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Christine I. Ho

Associate Professor | East Asian Art

Christine I. Ho

christineho@umass.edu

(413) 545-8712

South College W309

Christine I. Ho, associate professor of East Asian Art, received her BA from Wellesley College and PhD in art history from Stanford University.  She specializes in late imperial, modern, and contemporary Chinese art.  Her research focuses on ink painting, aesthetics and politics, global socialist visual culture, and the postsocialist legacy.  Additional teaching and research interests include histories of landscape and environment, transnational art movements, public art, and design studies and craft history.  Her book, Drawing From Life: Sketching and Socialist Painting in the People's Republic of China (University of California Press, 2020), examines the process of creating a national, and Chinese, form of socialist realism through previously unpublished artists’ sketchbooks and seminal paintings, and demonstrates the importance of artistic practice to understanding socialist art and its struggle to define the representational politics of a new postrevolutionary state.

Continuing her work on aesthetics and politics within global contexts, Ho is currently working on two monographs, and developing new projects on twentieth-century design and craft history. The Mural in Modern China excavates murals from treaty-port Shanghai to the 1980s “mural fever” movement of Reform-era China, illuminating their importance as critical experimental points in methods of public address, while also exploring the historiography of the mural as it became recognized and researched as artistic medium in the twentieth century.  Another monograph, titled Collective Brushwork, traces the history, theory, and practice of collective art production in twentieth-century China within both the fine and mass arts.  An article related to this research was awarded the 2017 Arthur Kingsley Porter Prize by the College Art Association. Her research has been supported by the American Council of Learned Societies, Henry Luce Foundation, Andrew W. Mellon Foundation, Chiang Ching-kuo Foundation, and National Endowment for the Humanities, among other institutions.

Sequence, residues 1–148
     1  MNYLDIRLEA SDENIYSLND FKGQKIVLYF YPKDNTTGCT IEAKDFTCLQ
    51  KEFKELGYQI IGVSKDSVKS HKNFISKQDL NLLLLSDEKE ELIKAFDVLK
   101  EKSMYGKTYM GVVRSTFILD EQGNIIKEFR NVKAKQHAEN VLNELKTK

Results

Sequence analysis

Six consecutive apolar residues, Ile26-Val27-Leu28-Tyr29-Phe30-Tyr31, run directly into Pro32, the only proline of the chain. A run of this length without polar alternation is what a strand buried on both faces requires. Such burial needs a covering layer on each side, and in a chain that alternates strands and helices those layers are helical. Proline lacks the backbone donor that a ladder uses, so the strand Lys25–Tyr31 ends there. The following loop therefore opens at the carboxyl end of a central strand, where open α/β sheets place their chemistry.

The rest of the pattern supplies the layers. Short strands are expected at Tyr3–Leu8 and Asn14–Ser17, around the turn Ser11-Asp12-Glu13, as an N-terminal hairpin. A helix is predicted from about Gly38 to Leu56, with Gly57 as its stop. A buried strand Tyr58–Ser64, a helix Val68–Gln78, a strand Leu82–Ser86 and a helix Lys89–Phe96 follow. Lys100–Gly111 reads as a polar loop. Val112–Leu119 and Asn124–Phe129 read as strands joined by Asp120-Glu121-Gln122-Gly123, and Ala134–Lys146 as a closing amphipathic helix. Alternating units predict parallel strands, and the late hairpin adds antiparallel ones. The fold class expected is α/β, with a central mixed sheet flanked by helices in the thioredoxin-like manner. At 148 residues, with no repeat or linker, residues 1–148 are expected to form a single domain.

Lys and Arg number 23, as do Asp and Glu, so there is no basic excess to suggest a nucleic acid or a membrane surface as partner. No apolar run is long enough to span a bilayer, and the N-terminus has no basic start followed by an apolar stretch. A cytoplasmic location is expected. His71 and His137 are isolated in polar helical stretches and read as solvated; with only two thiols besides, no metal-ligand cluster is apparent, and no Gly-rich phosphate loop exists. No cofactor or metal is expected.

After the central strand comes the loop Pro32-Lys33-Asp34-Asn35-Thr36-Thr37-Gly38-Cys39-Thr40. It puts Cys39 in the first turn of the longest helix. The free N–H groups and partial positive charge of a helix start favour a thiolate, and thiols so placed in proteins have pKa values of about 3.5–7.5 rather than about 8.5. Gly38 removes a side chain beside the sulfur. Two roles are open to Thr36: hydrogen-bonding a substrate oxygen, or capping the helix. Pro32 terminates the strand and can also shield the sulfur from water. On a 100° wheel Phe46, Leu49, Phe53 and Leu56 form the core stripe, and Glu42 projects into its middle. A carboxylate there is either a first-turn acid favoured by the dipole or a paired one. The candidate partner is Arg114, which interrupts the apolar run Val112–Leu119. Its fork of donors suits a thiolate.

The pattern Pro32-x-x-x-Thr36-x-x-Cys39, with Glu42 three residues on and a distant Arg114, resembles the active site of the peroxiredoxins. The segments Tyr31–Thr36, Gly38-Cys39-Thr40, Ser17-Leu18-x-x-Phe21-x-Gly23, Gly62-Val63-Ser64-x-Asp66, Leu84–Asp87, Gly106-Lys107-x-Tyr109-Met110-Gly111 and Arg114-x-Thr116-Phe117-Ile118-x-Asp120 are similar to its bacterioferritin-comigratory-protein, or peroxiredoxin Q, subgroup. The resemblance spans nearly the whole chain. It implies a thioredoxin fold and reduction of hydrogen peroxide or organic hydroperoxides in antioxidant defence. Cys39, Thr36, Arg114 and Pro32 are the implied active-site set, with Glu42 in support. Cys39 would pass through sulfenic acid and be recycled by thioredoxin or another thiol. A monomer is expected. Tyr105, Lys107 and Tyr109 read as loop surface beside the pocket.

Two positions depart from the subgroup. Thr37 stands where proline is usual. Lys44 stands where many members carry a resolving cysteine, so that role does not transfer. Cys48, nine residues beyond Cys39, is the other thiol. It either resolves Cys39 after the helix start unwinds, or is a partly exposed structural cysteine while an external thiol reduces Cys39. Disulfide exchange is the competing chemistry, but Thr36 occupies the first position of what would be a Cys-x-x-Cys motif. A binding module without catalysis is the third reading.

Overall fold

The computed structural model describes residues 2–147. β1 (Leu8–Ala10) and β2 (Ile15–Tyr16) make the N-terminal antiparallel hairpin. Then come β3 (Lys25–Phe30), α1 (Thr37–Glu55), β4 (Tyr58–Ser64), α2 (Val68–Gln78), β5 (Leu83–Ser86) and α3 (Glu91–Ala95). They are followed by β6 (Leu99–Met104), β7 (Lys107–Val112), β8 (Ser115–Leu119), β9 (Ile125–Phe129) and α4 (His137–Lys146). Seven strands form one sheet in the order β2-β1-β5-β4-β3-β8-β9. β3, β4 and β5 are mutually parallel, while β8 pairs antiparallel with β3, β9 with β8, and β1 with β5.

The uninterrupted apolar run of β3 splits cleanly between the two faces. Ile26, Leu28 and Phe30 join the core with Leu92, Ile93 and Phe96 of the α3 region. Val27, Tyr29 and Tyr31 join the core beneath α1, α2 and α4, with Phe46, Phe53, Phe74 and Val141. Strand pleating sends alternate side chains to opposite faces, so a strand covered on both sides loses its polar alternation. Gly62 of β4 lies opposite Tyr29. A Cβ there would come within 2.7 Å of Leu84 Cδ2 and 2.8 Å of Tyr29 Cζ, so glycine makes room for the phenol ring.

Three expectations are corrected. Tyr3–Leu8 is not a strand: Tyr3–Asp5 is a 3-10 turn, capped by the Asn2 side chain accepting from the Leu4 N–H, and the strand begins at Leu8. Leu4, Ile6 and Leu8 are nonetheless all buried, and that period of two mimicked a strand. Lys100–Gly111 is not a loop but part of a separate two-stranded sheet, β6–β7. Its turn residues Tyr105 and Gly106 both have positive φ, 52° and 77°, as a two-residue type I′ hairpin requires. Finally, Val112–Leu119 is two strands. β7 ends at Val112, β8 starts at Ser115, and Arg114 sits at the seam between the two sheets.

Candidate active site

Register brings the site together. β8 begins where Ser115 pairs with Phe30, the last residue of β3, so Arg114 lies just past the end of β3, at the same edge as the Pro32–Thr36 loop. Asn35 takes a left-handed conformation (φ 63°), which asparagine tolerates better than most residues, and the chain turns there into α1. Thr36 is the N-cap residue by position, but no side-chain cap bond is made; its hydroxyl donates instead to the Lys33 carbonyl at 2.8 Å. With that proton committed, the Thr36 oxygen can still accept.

In her teaching, Ho covers a broad range of topics and time periods across East Asia. She regularly offers a general education introductory survey on visual culture in China, Korea, and Japan and advises graduate students in both premodern and modern subjects.  Her undergraduate courses and graduate seminars take advantage of the area’s resources, including close study of objects in the collections of the Five Colleges museums, Historic Deerfield, the Museum of Fine Arts Boston, and the Peabody Essex Museum, while offering opportunities for hands-on experiences in ink painting, calligraphy, woodcuts, and more.
 

Research Areas

  • Chinese art and visual culture
  • Modern Asian art
  • Modern and contemporary Chinese art

Publications

Drawing from Life: Sketching and Socialist Realism in the People’s Republic of China.  Oakland, CA: University of California Press, 2020.

“Murals,” in The Mao Era in Objects. King’s College Digital Lab, 2020. 

“In Search of National Decoration: Archaeology and Ethnography in Wartime Chinese Design,” Archives of Asian Art 69, no. 2 (2019): 121–54.
https://doi.org/10.1215/00666637-7719395

"The People Eat For Free and the Art of Collective Production in Maoist China,” The Art Bulletin 98, no. 3 (2016): 343-372. 

Awarded the College Art Association's Arthur Kingsley Porter Prize, 2017 

"Writing national art history under the aegis of socialist internationalism: Hu Man and his History of Chinese Art," in Crossing Continents, ed. Geraldine Johnson. (forthcoming)

Courses Recently Taught

ART-HIST 190B Art and Visual Culture of East Asia
ART-HIST 354/654 Art of Buddhism
ART-HIST 355/655 Chinese Painting
ART-HIST 370 Junior Year Writing
ART-HIST 388/688 Modern and Contemporary Chinese Art
ART-HIST 388/688 Tokyo-Shanghai
ART-HIST 791G Graduate Seminar: Aesthetic Revolutions in Modern Chinese Art
ART-HIST 791G Graduate Seminar: Import/Export Material Culture in Early Modern East Asia